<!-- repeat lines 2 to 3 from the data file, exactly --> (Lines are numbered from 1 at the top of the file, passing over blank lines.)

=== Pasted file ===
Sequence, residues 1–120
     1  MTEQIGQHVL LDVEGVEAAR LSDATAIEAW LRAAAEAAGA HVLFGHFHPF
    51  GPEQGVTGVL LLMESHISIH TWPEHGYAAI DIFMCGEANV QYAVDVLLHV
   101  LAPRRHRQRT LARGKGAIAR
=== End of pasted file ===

     1  MTEQIGQHVL LDVEGVEAAR LSDATAIEAW LRAAAEAAGA HVLFGHFHPF
    51  GPEQGVTGVL LLMESHISIH TWPEHGYAAI DIFMCGEANV QYAVDVLLHV